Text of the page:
maybe my search engine skills need improving (they most definitely do), but i have found it really difficult to find other blogs like mine — where people write about living in and/or renovating a small home. (small, in my opinion, is about 600–1000 square feet of finished space.) it’s really easy to find blogs about people living in vans, or tiny houses, or airstreams or on boats, because that sort of lifestyle just begs to be documented on the internet. it’s really easy to find blogs about people renovating bungalows, ranchers, farmhouses, greek revivals because hgtv exists and everyone wants to show off their bathrooms. but living in a small home — not quite small enough to be crazy, not quite big enough to be comfortable — i guess that’s just kind of an unremarkable thing to do? or at least not remarkable enough that the people doing it feel the need to document it online. (or maybe they’re just too busy cramming four seasons of coats into their one, tiny closet to find the time to write a blog?)
i’ve scoured the internet looking for other houses like mine, for other people managing to squeeze bottles and tins of cat food into their four kitchen cupboards alongside their wedding china and chickpeas. because, man, sometimes i am stuck! and what’s the internet for, if not to provide you with a community of people who will enable your offbeat life choices? well, i found one person, one blog (or maybe she found me? i can’t remember) and that person is kate saffle of the streamlined life; she lives in a 675 square foot house with her husband and three kids. turns out kate has a podcast, cohesive home, which is not about small homes, but her podcast co-host also just jumped into small home-ownership (864 square feet) with her family and she has a blog, so now i have two. two people. two blogs. (if you’re reading this and you, too, are a small home owner/renter with a blog, feel free to let me know! i will read your blog and enable your offbeat life choices.)
disclaimer: as of two weeks ago, i no longer live in a super small home! our new house is 1177 square feet with an unfinished basement of equal size. it feels palatial compared to our tiny toronto bungalow, where we lived for seven years. despite our newfound square footage, we plan to live as minimally as possible still.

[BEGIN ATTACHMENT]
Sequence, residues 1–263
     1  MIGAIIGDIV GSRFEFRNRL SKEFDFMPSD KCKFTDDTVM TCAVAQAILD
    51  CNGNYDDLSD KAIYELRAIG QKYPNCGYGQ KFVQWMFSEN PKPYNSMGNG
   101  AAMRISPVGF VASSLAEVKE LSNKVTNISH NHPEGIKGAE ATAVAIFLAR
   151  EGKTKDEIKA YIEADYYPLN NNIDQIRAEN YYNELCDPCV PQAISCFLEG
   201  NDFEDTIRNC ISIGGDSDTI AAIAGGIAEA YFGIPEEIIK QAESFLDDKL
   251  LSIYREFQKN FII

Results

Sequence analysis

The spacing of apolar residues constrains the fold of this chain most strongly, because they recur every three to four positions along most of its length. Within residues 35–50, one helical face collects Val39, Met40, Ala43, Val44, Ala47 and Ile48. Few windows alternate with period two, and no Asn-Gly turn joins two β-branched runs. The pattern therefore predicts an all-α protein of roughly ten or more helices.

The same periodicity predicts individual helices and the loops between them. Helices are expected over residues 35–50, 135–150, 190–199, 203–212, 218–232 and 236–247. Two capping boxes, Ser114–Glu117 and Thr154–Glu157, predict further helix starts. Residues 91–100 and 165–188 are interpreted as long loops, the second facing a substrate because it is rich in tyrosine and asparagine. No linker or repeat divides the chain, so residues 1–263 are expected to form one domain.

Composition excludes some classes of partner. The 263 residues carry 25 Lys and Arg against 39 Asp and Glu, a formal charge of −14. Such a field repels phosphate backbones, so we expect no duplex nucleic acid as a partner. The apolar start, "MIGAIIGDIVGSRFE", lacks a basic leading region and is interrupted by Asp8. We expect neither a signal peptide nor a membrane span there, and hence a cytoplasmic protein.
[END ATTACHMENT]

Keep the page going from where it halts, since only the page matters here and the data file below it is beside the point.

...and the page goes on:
about a month ago, kate put out a call over instagram to anyone interested in joining a small family homes blogger network and, knowing how much i’ve struggled to find comparable sites, i was all in. each month everyone in the network is going to write a post on a common topic and provide links to all the other participating blogs at the bottom of their post (a good ol’ fashioned link party!). this is our first post and the topic is: the truth about living in a small family home. i’m super excited to read everyone else’s posts, hoping to discover some new blogs to add to my reader. if this topic is of interest to you (if you’re still reading then i’m guessing it is!), please check out a few of the links at the bottom of this post for some different perspectives. here goes!
when i started writing this blog in 2011, the tagline was less space, more happiness in toronto. not less space = more happiness in toronto… that comma is important. less space does not equal more happiness, except when it does. for us, it does (or did). but it’s not the sheer act of living in 795 square feet with my husband and toddler and cat, negotiating who has to sleep on the side of the bed that requires you to crawl over the bed to get into the bed, that brings about happiness. in fact, that part can bring about some pretty serious unhappiness at times. but, for us, the less space part is what makes the more happiness part possible. which makes the less space part worth it, stubbed toes, quiet voices, seven pairs of underwear and all.